Thursday, August 21, 2008

Fertility and Poverty II

This month the U.S. census bureau released a new report based on surveys done a couple years ago: Fertility of American Women: 2006.

The data, provided by a gazillion women between the ages of 15 and 50, support the well-known trends that women tend to have fewer children when they have more education and more income. But I will argue that the data suggests far more: poor women who have lots of children are poor primarily because of their decision to prioritize children over income, and the fact that they decided to have lots of children has little to do with their innate (genetic) potential to succeed in the quest for material wealth.

My claim rests on the relationship between this perplexing pair of facts:
  • Women currently at a low income level are about 60% more likely to have had a baby within the last year as compared to women with much higher [household] incomes.
  • Among women aged 40 to 44, the ones currently at a low income level had given birth to only 10 to 15% more children in the course of their entire lives than had women in wealthier income groups.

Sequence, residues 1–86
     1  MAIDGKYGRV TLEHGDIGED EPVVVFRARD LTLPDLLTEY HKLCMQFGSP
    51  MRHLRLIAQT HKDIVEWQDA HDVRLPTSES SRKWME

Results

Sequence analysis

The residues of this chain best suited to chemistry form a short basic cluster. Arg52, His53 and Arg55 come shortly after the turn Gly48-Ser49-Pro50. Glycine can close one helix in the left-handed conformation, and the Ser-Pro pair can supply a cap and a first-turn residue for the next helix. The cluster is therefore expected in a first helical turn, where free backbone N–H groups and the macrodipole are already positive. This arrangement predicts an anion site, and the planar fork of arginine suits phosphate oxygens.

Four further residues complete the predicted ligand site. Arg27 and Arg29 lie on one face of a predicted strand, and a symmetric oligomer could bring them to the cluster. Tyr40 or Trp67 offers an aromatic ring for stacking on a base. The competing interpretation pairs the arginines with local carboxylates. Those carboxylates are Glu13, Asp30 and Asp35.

If poverty causes women to procreate -- and not the other way around -- than the first fact suggests that wealthy women would have far fewer births in a lifetime compared to poor women. However, the second fact shows that there is a very weak relationship between current income and how many births a 40-44 yrs-old women has had. In other words, the poverty of mothers (compared to the wealth of non-mothers) tends to last only as long as these women are raising small children.

The fact that women who have had lots of children do nearly as well financially in later years -- despite the lost income and hours of work during the most intensive parenting years -- suggests to me that these women might be even more innately prone to financial success than the less reproductive women. (Of course, financial success can come in at least two ways: through the development of a career or by a spouse's career.)

Do you think that this is a reasonable interpretation of the data? Check it yourself. Table 2 and 3 discuss lifetime fertility and last-year's fertility, respectively.


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